|Publication Type:||Journal Article|
|Year of Publication:||2008|
|Authors:||R. R. Junker, Itioka, T., Bragg, P. E., Blüthgen, N.|
|Journal:||The Raffles Bulletin of Zoology|
|Keywords:||Dryobalanops lanceolata, forest canopy, Haaniella echinata, herbivory, leaf age, lowland rainforest|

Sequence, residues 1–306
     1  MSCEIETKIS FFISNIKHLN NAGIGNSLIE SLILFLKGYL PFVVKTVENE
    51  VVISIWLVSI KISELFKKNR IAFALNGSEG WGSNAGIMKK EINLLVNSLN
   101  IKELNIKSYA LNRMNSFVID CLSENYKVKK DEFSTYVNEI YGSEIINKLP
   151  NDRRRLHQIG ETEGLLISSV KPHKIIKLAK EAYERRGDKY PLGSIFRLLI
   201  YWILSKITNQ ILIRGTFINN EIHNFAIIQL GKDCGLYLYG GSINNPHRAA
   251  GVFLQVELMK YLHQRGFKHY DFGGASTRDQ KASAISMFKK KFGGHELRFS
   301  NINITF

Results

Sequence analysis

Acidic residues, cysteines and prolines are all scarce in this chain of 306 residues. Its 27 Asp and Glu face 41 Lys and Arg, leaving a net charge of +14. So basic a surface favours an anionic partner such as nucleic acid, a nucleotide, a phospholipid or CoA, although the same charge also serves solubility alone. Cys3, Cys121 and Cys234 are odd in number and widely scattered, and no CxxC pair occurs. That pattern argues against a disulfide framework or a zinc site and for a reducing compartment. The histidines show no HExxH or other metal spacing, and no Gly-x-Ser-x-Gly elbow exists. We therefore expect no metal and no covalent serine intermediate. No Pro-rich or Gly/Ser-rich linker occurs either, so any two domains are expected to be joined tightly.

Stick and leaf insects (Phasmida) from 19 species (53 individuals) were collected in a lowland dipterocarp forest (Lambir Hills, Sarawak, Malaysia). Dual-choice tests were conducted to examine whether phasmids discriminate between young and old leaves of seven plant species. A second set of tests examined the preferences of phasmids for leaves from Dryobalanops lanceolata (Dipterocarpaceae) saplings versus leaves from the upper canopy of the same tree species. Haaniella echinata and other flightless species (Heteropterygidae and Lonchodinae) fed on nearly all plant species offered and showed significant preferences for old leaves in three plant species. In contrast, flying phasmids (Ashiphasmatinae and Necrosciinae) rejected leaves from most plants and did not show consistent leaf age choices. H. echinata and flightless phasmids preferred canopy leaves from D. lanceolata over leaves from saplings, regardless of leaf age. Our results are consistent with the hypothesis that young leaves of some plant species are better defended against generalist herbivores than old leaves and that saplings are better defended than adult trees. Since upper canopy leaves were highly palatable to understorey phasmids, factors other than chemical defences must contribute to the low abundance of phasmids in forest canopies.